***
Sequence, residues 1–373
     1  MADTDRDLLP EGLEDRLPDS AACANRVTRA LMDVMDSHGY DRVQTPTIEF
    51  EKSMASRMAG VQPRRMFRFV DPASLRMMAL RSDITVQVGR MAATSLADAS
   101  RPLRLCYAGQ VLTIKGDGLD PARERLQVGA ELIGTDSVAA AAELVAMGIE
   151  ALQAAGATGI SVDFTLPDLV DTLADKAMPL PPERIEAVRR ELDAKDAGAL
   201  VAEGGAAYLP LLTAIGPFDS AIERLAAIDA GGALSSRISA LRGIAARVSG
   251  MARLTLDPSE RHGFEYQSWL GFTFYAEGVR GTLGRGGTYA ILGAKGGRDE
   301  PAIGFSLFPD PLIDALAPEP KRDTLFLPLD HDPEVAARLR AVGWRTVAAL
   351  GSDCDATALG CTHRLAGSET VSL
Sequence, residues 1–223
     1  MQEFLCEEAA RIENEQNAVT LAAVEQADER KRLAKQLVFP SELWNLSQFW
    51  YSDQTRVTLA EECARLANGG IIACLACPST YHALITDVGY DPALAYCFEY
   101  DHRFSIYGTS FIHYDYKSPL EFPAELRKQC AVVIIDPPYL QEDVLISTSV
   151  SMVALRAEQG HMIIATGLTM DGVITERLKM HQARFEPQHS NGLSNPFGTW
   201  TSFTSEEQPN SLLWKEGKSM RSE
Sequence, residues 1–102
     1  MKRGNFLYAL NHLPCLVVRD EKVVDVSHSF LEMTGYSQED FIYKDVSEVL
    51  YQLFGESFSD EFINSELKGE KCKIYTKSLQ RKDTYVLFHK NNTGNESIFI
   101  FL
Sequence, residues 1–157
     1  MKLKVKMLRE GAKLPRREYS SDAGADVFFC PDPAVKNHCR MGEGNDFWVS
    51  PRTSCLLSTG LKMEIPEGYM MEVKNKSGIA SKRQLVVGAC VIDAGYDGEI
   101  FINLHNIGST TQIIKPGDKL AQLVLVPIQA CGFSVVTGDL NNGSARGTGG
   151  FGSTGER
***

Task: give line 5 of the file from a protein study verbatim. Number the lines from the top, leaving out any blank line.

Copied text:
   151  ALQAAGATGI SVDFTLPDLV DTLADKAMPL PPERIEAVRR ELDAKDAGAL